The biggest differences I’ve seen compared to the Great Primer Scare, the ‘94 Ban. the Y2K Panic and even the earlier ‘86 Executive Order banning imports are:

  • Quantity – Ive been involved in this sort of thing for twenty years and I have never seen people unblinkingly drop as much money on guns, mags and components as I have lately. People don’t bat an eye at spending hundreds or thousands of dollars at a pop because they know that if they dont buy it that moment someone else will be there right behind them to buy it.
  • Reloading components – primers and powder always start flying out the door. Theyre consumables with almost no DIY alternative. Bullets can be made at home if you have to but making your own smokelss powder and primers is practically impossible.  Although there was a definite increase in past panics they were nothing comapred to this current one. I have called vendors who normally have thousands of varieties of brass and bullets and they can tell me everything they have in inventory in one breath. Makes you wonder why the even come in and turn the lights on.
  • Reloading equipment – This is the biggest departure from previous panics. Good luck finding an RCBS set of .223, .308, 9mm, .357 or .45 ACP dies at the local shop. These are durable goods…things that will last a lifetime….and people are stocking up on them too. I called RCBS to order a bullet mould out of their Special List. Previously the voice on the end says “You are caller number…” and usually its caller three or four if theres a wait…often theres no wait. Last time I called I was caller #39 in queue. When I finally got to talk to a human it was moot – they were out of everything I wanted. I need 24 sets of various caliber dies. I got 5 and had to get that from three different vendors. That, my friends, is people thinking for the long haul.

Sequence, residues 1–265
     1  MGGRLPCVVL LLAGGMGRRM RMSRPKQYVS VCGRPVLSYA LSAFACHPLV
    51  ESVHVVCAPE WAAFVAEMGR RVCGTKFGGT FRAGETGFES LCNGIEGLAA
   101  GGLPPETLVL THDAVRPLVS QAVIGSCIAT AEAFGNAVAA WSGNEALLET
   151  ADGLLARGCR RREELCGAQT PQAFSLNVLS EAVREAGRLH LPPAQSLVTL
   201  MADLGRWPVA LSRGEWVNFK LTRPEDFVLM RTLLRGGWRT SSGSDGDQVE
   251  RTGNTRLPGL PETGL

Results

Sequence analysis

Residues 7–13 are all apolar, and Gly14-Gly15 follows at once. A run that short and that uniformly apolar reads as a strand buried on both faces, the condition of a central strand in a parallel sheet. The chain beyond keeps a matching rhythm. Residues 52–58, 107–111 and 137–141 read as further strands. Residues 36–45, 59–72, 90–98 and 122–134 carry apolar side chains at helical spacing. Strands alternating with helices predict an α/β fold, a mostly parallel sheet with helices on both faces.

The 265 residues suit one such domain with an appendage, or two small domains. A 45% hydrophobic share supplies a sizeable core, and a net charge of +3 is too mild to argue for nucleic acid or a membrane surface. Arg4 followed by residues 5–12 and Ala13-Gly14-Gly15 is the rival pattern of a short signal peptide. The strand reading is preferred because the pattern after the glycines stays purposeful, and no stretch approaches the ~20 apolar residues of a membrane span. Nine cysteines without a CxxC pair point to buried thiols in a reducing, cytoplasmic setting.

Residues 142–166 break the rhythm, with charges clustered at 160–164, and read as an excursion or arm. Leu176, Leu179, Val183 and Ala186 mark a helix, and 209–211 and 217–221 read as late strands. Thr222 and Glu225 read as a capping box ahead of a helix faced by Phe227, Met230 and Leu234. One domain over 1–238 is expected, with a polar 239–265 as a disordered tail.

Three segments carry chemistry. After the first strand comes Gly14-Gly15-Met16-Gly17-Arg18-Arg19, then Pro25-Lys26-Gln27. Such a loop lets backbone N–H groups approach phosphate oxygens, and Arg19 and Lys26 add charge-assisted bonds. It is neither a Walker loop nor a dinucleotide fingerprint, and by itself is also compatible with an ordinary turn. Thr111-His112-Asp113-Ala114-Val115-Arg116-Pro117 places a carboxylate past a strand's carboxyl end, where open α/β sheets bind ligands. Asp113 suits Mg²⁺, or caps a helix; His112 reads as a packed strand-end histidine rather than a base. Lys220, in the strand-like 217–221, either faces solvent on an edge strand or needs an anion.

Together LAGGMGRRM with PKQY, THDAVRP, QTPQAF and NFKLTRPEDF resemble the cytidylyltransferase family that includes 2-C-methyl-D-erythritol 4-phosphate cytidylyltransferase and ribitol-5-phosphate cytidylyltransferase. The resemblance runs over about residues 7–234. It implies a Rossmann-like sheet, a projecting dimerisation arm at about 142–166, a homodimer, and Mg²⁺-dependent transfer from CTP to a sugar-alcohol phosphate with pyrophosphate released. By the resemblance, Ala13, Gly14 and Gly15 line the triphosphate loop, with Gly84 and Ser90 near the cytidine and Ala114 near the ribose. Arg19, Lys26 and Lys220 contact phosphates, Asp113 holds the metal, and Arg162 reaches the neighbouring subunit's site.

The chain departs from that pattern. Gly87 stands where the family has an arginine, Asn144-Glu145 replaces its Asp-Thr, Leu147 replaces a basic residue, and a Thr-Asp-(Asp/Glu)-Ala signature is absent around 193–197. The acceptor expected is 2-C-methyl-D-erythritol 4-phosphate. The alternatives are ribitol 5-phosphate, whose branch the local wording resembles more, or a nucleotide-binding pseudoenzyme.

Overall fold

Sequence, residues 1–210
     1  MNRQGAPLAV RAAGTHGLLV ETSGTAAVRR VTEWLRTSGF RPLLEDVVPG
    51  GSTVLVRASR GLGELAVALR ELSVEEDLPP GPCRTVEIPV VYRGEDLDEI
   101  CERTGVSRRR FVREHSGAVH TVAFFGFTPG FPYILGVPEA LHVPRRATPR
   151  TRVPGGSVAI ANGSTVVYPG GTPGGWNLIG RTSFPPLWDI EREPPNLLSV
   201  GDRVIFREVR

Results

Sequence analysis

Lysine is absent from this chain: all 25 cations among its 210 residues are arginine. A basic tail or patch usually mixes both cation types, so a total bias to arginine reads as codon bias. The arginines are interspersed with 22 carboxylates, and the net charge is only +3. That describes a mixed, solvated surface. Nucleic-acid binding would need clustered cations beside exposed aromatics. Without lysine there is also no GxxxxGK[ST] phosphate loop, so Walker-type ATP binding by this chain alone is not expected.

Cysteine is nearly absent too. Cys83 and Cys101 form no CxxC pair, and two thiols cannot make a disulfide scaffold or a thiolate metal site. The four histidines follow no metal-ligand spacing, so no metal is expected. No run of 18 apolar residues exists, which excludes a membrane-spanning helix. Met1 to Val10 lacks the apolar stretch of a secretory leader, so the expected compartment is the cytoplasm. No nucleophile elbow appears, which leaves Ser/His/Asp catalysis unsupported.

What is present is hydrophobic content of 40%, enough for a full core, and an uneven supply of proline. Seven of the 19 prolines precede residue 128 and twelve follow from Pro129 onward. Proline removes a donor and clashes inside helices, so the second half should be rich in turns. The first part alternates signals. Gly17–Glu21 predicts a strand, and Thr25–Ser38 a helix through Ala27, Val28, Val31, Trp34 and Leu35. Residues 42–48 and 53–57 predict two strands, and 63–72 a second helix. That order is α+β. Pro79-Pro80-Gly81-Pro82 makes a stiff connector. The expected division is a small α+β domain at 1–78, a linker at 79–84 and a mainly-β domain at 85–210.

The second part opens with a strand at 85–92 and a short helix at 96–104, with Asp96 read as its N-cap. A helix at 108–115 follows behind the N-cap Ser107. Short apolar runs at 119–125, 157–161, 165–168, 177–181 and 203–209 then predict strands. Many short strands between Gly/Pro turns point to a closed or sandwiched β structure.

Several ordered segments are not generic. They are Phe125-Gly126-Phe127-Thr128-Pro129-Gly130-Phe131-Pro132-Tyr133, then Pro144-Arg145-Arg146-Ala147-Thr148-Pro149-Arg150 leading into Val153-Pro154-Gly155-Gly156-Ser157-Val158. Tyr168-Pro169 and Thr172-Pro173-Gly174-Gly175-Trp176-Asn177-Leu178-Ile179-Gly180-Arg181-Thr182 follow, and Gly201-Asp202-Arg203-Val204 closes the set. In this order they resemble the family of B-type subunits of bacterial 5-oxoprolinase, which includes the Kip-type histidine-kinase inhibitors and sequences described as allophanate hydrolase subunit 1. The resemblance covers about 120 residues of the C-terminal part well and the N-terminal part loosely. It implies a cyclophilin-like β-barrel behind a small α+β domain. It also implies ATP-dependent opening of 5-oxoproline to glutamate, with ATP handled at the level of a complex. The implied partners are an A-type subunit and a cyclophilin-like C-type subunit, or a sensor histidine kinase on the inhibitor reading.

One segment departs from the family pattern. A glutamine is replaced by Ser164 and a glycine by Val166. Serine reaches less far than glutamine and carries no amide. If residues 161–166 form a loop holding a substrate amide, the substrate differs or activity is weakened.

• Survivalist subsets – more and  more of the people buying guns and ammo in huge quantities are also doing waht can only be described as ‘gearing up’ for…something. In addition to the guns, ammo, components and reloading gear theyre buying freeze dried food, water storage, solar panels, etc. The natives are restless.

So, historically, we are in uncharted waters on this one. In this economy, where folks may not have a job in a few weeks, people are still willing to take the plunge and buy five AR’s, or a case of 100 magazines, or 20,000 primers, or five cases of ammo. That shows that they genuinely believe, right or wrong, that what theyre buying won’t be available in the future.

Having had a front row seat for the ten years of the 1994 AW ban I made bloody sure that I wouldnt get caught when (not if) they tried that stunt again. As a result, I’m not paying $1500 for AR’s, $25 for mags, or $40 for a case of primers.

Anyway, its going to be a bumpy ride. In a few years maybe we’ll all be buying huge caches of discounted components at yard sales. Or maybe we’ll be paying $2 per round for South African .308. If the current panic buying is anything to go by, the latter looks more likely than the former.